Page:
The colorful art and science of perfusion imaging

Deconvolution
Deconvolution in action

Do you know what deconvolution is and how it works? Although I seriously doubt that any Neurologist is richer knowing that, it certainly is reassuring to understand why CT perfusion has so many variations, interpretations and limitations.

In my view, CT perfusion has many applications in Neurology (not to speak of Oncology):

  • Determine the penumbra of a stroke: this deserves some comments. As a quantitative method CT perfusion fails. You just cannot expect to quantify the proportion of the penumbra, because there are too many unknowns in the computation and interpretation. But you can determine the mere existence of a penumbra quite reliably (and it is still the best thing we have apart from CT+CTA).
  • Distinguish status epilepticus from postictal paralysis: the former shows hyper perfusion, while the latter looks like a stroke without core (total mismatch).
  • Recognize migraines that you would otherwise treat with tPA (again, this looks like a stroke without core, but the hypoperfusion does not respect the boundaries of the arteries and the arteries are open!).
  • Prove hyperperfusion in a hyperperfusion syndrome
  • Show the downstream effects of vasospasm in SAH
  • Determine the vascular reserve with acetazolamide – ok, this is easier done with duplex ultrasound…

Here is how I use CT-perfusion in acute stroke:

  • Indications: unknown time window, stroke mimics in tpa situations
  • Require the clinician to determine the exact region where to look
  • Use MTT or TTP to screen for ANY problems in the perfusion of the brain – wherever it is slowed, you have to do the CBF/CBV magic
  • Where CBF is quite low (don’t rely on absolute values!) and CBV is also down, there is some infarct core. Now go back to the NCCT – there should be some early ischemic signs here.
  • Where CBF is not so low as in the core and CBV is only slightly down or up there is penumbra
  • If in doubt, do exact ROI comparisons (left vs. right)
  • Now decide: is the clinical picture dominated by the infarct core or the penumbra? How much cortical structures are in the core, prone to bleed if you open up the artery? Does CTA vessel occlusion (sometimes you find the occluded vessel easier, if you know where the problem sits in perfusion CT) correspond to the perfusion deficit?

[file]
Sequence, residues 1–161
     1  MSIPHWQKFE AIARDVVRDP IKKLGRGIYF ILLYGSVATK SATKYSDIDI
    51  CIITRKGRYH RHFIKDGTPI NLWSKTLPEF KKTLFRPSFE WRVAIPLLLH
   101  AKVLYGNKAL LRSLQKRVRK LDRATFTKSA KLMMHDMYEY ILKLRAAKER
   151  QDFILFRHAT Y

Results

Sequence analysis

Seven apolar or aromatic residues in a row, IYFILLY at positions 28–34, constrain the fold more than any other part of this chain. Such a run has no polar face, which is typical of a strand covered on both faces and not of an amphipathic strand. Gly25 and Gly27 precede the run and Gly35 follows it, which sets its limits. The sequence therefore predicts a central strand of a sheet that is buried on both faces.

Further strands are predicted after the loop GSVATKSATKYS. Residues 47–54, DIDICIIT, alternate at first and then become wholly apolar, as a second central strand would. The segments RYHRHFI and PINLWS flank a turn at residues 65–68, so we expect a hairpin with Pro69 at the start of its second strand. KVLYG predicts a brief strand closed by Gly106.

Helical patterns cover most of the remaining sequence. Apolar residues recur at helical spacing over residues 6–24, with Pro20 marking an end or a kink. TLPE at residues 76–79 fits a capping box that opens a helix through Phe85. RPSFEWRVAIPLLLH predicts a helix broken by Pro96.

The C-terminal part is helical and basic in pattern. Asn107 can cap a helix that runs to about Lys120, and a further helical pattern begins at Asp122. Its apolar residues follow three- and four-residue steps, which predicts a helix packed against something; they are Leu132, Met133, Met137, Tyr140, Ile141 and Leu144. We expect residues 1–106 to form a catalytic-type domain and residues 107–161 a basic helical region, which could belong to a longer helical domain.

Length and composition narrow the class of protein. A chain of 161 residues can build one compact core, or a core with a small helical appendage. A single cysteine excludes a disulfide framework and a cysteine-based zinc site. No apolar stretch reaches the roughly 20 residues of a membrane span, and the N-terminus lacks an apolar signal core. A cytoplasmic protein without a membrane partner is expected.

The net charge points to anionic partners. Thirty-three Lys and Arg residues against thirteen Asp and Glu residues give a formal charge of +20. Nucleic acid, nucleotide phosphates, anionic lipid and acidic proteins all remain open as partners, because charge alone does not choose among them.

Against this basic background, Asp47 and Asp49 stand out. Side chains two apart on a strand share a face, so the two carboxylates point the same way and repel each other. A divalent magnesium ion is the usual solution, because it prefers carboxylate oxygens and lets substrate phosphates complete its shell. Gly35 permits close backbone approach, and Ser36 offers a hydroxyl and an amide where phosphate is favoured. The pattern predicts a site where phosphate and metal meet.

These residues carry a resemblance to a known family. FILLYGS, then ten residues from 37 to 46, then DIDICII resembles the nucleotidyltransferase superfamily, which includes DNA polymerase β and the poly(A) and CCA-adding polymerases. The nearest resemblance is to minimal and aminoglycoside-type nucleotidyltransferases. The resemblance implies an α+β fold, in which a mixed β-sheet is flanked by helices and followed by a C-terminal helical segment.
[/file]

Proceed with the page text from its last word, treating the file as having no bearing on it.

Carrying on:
Now to the gory details:

  • Arterial input function: You should use a good arterial vessel to get the arterial input function, often the ACA is in the slice studied. But the problem is that the ACA might take part in the supply of your stroke via collateralization and it might also be disturbed by stenosis (say A1 or ICA). This can lead to very bad data.
  • Without arterial input function you cannot do deconvolution (which basically shows you how your tissue perfusion would look like if the fuzzy contrast bolus would look like a perfect rectangle-shaped push of contrast agent, not a wave) properly, so you have to use things like maximum-slope-methods and so forth.
  • Same for venous outflow.
  • The choice of algorithm is quite important – there seem to be optimal ones, if you believe this paper.
  • There are plenty of assumption underlying most of the algorithms, such as intact blood brain barrier, which usually hold in acute stroke, but are violated in things like post-CEA-hyperperfusion or SAH.
  • Sometimes, the cardiac output is so bad that the perfusion curve ends too early. You can often still use TTP in that case, but all deconvolution methods must fail.

For many more details see

Thunderclap headache

We encounter one of these at least every week, so the question of how much diagnostics to order after a painstakingly thorough history and a complete physical including fundoscopy is quite important. Obviously, CT and a spinal tap is always necessary, but then what? I think, the minimum in fact includes CT-angiography (using a delay of 8-10s) to image both arteries and veins, in order to rule out SVT and RCVS (both of which are highly relevant). In addition, I recommend a follow-up MRI after discharge from the ER.
We discuss the differential, consisting of at least:

  • SAH/sentinel headache
  • RCVS
  • Dissection
  • Stroke
  • SVT
  • ICH and other bleeds (retroclival hematoma)
  • PRES
  • Meningitis
  • SIH
  • Pituitary apoplexy
  • a lot of zebras, such as third ventricle colloid cyst, MI, Takotsubo, …

As a reference I recommend this article by Ducros of 2013 (he seems to be an authority on this topic as well as RCVS).

TPMA or the wonderful world of imaging features of seizures and status